William Rees-Mogg, a former editor of Britain's Times
newspaper who famously backed Mick Jagger when the Rolling
Stones singer was jailed for a drug offence, has died at the
age of 84.
On its website, the Times said Rees-Mogg, a former chairman
of the Arts Council and vice-chairman of the BBC, had been
suffering from oesophageal cancer.
Rees-Mogg became editor of the paper in 1967 and, despite
establishment credentials built up at independent school and
Balliol College, Oxford, soon showed a rebellious streak.
In July of that year, he published a celebrated leading
article criticising the jailing of Jagger for a minor drugs
offence, headlined: "Who Breaks a Butterfly on a Wheel?"
Later Rees-Mogg, in an article in the Times after he had
stepped down as editor, described John Major, Conservative
prime minister for most of the 1990s as "over-promoted, unfit
to govern and lacking self-confidence".
"His ideal level of political competence would be deputy
chief whip or something of that standing," he added, in a
contemptuous reference to Britain's behind-the-scenes
political party managers.
However, Rees-Mogg stubbornly defended former U.S. President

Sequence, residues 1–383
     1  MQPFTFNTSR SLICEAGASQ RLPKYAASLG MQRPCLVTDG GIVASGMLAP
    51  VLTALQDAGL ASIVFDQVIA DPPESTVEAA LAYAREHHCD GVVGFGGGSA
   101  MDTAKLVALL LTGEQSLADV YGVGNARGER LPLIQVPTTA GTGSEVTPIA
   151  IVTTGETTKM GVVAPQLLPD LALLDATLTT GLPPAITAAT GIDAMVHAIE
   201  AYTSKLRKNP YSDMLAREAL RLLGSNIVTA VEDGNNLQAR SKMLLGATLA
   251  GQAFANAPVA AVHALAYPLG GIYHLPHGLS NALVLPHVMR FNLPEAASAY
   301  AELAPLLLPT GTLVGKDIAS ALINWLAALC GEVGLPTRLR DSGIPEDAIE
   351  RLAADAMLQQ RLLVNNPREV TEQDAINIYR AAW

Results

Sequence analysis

Richard Nixon against all the Watergate evidence filed by the
Times' Washington staff as the scandal that led to Nixon's
resignation in 1974 unfolded.
The Times was bought by Rupert Murdoch's News Corp in January
1981, at which point Rees-Mogg, who had backed the Murdoch
purchase, resigned to make way for one of Britain's most
celebrated editors, Harold Evans, who became Reuters
editor-at-large in 2011.
The paper's website carried a tribute from Murdoch on
"William Rees Mogg was a distinguished editor of the Times
for 14 years, during which time he modernised the paper,
reaching out to a younger readership with expanded coverage
of news, sport and features," Murdoch wrote.
"It is to his great credit that he retained the intellectual
integrity of the paper while attracting a broader based and
markedly more female readership for the paper.
"He gave me invaluable support when I acquired Times
Newspapers in 1981, and remained someone on whom I could
always count for impartial counsel."